Working on a large project where the whole website is in a single GIT repository can be a real hassle. With the introduction of composer you might want to rethink the content of your repo.
At one of my clients we recently decided to start with composer as part of our deployment workflow. This means we had to split up the GIT repository. This repository is in use for almost 6 years and thousands of commits have been done. It contains of the complete website, build with TYPO3. It includes the core, extensions and configuration.
For the TYPO3 core and extensions coming from the TER this is not a big problem. Just add some lines to the composer.json file in the root and you're done.
A bigger problem was the amount of homebrew extensions. At this client we are using a lot of custom made extensions for connecting to other systems. This includes LDAP, Exchange Web Services and SOAP connections. These needed to be separated from the main repository.
GIT has support for this since version 1.7.11, released in May 2012. And it is called "git subtree".
Let's say we have the following project in our repository which is located at ~/Code/website
website typo3conf ext extension_1 extension_2 extension_3 LocalConfiguration.php PackageStates.php
In this repository we want to split our homebrew extensions 1 till 3 to a separate repository.
First make sure you have the 3 remote repositories ready and clone them to your own system. For this example I put them in ~/Code/extension_1, ~/Code/extension_2 and ~/Code/extension_3.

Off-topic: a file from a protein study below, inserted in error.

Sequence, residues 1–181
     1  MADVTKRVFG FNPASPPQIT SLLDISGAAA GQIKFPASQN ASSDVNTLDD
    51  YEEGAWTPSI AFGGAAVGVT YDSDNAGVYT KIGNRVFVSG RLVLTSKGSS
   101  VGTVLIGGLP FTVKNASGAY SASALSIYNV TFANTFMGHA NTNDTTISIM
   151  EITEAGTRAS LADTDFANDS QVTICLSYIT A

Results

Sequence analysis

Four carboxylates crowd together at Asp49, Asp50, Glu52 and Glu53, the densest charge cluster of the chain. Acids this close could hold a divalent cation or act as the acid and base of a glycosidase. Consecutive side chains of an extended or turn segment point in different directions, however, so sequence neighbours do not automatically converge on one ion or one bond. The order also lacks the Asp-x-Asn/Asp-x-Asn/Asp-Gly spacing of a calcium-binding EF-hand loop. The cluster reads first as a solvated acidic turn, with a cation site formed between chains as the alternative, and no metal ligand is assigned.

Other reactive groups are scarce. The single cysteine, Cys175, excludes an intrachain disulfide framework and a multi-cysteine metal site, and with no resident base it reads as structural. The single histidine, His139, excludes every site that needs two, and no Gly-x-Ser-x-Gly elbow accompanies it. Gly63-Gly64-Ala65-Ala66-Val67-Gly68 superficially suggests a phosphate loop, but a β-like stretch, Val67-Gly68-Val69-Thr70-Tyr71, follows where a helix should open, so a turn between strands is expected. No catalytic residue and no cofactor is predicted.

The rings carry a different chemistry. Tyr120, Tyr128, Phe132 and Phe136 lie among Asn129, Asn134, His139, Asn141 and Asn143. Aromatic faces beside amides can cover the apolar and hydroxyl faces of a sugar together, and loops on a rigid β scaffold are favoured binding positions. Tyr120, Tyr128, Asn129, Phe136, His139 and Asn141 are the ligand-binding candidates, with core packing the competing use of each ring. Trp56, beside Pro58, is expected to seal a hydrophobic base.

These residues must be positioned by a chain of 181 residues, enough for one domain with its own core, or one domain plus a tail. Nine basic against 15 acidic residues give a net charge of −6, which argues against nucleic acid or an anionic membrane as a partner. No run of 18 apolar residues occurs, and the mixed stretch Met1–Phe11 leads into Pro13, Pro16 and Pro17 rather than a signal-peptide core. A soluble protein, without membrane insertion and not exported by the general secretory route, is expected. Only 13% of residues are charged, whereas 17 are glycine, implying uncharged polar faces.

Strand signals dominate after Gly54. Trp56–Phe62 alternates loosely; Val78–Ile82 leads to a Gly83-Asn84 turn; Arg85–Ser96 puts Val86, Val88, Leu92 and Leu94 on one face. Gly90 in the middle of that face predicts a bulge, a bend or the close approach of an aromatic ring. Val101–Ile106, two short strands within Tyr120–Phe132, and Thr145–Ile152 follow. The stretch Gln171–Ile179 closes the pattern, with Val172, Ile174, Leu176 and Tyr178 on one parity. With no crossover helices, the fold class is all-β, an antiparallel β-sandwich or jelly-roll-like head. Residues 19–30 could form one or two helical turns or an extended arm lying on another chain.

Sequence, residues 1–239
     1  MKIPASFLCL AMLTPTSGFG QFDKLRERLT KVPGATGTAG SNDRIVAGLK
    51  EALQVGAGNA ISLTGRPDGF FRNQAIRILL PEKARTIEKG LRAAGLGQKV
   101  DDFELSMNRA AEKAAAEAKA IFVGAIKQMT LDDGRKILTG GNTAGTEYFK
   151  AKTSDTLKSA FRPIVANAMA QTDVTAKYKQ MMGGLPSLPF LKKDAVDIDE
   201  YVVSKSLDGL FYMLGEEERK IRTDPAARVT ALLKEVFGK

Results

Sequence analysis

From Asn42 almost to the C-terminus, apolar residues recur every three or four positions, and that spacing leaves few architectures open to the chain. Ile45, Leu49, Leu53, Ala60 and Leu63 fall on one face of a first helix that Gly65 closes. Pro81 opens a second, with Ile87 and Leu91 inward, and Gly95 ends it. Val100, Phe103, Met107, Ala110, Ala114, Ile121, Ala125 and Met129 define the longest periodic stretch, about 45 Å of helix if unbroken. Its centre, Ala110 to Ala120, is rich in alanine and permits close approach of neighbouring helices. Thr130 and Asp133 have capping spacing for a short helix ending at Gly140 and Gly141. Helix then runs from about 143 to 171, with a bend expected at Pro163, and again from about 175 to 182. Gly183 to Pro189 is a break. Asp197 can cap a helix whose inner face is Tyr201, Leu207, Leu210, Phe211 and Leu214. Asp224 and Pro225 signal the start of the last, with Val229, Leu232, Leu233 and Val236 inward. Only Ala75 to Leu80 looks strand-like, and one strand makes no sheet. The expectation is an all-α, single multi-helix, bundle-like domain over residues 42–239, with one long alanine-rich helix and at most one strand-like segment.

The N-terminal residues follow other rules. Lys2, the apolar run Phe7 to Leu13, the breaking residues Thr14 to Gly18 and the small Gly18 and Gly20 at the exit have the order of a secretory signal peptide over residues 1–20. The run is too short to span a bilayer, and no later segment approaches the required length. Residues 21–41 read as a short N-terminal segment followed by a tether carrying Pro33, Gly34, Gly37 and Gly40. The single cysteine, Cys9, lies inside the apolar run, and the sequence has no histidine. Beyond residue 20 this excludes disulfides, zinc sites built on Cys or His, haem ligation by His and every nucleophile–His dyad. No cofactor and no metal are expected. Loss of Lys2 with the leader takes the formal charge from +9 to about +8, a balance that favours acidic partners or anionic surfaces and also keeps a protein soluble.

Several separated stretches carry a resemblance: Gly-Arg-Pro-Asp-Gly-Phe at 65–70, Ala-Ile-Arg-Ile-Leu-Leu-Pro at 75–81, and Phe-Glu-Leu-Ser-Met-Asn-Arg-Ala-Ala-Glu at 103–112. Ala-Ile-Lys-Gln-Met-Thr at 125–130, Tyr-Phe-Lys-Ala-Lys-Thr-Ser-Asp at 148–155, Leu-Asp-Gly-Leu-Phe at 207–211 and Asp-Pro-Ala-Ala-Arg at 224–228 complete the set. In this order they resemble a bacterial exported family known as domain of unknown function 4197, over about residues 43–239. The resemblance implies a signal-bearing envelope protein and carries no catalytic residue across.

Get into the folder of the repository you want to split.
Then tell git to make a new branch, that only has commits from the folder extension_1.
git subtree split -P typo3conf/ext/extension_1 -b extension_1-only
You now have a branch called "extension_1-only".
Let's go to the new repository for extension_1.
and pull the branch of our website repository into the extension repository
git pull ~/Code/website extension_1-only
Push the new repository and you're done. Don't forget to remove the folder extension_1 from the website repository.
cd ~/Code/website git rm -rf extension_1
One more thing
The aforementioned delete history command still leaves behind a bunch of backup files - because git is all too kind in helping you to not ruin your repo by accident. It will eventually delete orphaned files over the days and months, but it leaves them there for a while in case you realize that you accidentally deleted something you didn't want to.
So if you really want to empty the trash to reduce the clone size of a repo immediately you have to do a manual cleanup in GIT. I'm not going into detail because this includes some weird stuff.